This paper empirically tests whether there are asymmetric information problems in the market for used Chevrolet Corvettes sold on eBay. The first test is based on a result from Akerlof (Quarterly Journal of Economics, 1970). If there is asymmetric information in the used market, bidders should place a premium on a new Corvette, all else equal. The paper finds little systematic evidence of a new car premium. The second test is based on a result from Bajari and Hortacsu (Rand Journal of Economics 34(2):329-355, 2003). If there is asymmetric information, then bidders will prefer to bid late in the auction in order to conceal their private information from other bidders. The paper fails to find evidence of more late bidding on used Corvettes relative to new Corvettes. The third test is based on the idea that if there is asymmetric information then there may be a winner's curse problem in these auctions. The paper fails to find evidence consistent with bidders avoiding the winner's curse. The results are not consistent with asymmetric information problems in the market for used Corvettes sold on eBay. It is not clear however, whether this result generalizes to other cars sold on eBay or cars sold in the off-line market.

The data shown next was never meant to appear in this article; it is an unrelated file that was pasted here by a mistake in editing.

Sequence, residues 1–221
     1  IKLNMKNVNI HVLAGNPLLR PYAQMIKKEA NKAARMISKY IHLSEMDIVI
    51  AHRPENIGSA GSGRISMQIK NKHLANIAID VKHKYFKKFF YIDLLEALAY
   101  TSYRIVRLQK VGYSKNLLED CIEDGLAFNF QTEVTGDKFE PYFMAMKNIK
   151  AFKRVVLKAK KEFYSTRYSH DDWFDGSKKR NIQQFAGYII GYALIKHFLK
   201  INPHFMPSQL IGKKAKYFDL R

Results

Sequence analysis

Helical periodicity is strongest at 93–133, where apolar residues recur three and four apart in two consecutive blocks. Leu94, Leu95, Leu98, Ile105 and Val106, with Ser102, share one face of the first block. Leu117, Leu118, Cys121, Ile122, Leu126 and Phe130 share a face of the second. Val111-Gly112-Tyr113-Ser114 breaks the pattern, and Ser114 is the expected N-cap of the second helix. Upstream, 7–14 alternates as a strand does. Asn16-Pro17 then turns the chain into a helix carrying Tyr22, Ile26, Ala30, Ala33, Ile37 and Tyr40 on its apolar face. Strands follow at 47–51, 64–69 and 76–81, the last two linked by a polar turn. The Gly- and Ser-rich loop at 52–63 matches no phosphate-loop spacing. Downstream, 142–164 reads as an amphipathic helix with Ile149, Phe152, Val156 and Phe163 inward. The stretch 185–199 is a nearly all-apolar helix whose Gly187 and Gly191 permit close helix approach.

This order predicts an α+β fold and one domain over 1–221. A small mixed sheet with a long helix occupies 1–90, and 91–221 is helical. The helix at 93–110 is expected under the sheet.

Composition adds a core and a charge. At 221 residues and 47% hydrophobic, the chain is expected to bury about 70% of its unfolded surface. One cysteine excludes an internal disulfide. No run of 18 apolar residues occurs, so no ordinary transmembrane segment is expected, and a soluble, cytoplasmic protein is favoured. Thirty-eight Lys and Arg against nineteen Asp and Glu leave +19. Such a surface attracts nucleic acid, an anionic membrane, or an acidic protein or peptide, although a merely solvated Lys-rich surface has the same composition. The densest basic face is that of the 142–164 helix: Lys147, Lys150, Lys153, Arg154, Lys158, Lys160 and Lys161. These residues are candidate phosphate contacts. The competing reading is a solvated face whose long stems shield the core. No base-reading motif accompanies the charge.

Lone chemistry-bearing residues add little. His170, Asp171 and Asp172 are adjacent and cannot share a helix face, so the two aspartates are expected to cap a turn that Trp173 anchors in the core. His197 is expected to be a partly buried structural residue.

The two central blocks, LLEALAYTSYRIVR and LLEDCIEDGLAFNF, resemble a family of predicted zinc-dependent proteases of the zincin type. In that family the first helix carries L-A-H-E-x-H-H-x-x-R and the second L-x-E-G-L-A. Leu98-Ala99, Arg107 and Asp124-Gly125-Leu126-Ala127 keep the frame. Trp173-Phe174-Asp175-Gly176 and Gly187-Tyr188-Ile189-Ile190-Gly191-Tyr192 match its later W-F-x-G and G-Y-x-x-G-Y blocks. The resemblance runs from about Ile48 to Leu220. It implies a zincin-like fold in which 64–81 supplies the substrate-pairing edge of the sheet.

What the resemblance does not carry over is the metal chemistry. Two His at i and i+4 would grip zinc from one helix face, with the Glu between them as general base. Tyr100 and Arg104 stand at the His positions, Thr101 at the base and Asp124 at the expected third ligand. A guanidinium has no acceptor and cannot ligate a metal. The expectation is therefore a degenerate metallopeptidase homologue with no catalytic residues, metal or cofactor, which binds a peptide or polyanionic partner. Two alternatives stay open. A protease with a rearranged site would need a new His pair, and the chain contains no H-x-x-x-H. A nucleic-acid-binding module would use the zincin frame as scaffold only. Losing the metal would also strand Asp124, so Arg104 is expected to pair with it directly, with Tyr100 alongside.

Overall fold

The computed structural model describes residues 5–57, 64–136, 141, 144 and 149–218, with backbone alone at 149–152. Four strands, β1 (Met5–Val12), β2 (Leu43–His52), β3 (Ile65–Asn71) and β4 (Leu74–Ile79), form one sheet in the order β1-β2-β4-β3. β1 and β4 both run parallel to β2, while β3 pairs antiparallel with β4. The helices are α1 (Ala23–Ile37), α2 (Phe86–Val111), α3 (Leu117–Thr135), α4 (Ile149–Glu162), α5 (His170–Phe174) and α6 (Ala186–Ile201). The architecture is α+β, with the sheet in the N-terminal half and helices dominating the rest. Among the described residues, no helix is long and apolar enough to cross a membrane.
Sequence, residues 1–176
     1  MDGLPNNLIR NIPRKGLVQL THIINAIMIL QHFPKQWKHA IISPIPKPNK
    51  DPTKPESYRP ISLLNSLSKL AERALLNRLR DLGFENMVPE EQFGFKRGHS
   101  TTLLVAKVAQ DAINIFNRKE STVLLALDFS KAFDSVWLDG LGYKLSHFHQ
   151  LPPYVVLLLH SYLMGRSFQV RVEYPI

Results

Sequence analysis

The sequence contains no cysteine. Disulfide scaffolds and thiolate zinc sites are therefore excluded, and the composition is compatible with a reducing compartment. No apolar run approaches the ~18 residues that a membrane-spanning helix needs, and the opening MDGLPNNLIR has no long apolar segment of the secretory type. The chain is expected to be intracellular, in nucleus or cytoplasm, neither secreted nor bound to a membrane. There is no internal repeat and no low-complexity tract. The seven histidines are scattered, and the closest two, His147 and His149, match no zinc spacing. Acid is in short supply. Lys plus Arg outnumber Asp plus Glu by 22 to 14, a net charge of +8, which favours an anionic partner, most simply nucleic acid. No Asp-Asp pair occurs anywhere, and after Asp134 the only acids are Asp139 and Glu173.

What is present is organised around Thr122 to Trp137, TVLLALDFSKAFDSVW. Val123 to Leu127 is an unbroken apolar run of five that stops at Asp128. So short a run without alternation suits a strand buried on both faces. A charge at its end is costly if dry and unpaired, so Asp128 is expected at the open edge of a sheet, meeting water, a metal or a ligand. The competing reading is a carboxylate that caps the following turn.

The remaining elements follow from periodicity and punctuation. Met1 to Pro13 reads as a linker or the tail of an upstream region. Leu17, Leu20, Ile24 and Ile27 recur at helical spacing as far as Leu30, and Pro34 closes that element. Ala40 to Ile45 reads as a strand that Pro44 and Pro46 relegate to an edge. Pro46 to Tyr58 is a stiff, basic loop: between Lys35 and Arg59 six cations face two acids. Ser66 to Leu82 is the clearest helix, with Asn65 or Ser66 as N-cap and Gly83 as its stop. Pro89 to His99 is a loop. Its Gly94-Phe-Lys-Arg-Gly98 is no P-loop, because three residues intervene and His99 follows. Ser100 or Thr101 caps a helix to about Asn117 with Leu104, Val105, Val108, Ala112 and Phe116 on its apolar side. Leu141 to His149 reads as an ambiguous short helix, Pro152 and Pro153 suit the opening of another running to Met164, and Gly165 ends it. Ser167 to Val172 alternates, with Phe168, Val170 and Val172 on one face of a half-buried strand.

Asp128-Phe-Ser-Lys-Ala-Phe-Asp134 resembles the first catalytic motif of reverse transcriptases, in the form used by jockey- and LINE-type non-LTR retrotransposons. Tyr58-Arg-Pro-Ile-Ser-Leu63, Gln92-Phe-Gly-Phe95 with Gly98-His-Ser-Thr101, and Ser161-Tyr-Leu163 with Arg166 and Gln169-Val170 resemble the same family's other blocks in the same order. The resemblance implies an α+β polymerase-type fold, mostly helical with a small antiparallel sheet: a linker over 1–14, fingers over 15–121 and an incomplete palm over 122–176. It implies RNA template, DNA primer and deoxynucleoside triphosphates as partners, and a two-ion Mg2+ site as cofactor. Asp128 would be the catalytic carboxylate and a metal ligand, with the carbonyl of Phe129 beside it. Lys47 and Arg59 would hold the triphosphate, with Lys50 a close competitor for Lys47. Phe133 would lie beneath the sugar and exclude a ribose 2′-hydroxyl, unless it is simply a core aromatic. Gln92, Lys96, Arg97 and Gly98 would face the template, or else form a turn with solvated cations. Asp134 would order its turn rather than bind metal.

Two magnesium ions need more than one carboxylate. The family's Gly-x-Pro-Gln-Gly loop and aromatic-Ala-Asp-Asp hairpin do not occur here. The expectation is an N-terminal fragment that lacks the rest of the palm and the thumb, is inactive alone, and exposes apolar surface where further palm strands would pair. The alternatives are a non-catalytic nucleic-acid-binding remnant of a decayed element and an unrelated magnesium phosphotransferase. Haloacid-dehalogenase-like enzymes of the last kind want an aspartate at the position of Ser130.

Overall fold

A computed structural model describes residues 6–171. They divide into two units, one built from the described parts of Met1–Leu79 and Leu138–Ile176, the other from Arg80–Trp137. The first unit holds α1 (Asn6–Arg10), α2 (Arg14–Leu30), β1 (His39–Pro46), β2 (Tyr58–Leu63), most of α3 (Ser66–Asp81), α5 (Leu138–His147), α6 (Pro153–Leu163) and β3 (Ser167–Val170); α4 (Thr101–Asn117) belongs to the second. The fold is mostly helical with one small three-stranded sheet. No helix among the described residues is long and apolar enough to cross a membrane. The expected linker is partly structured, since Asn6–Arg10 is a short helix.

All Science Journal Classification (ASJC) codes
- Economics, Econometrics and Finance (miscellaneous)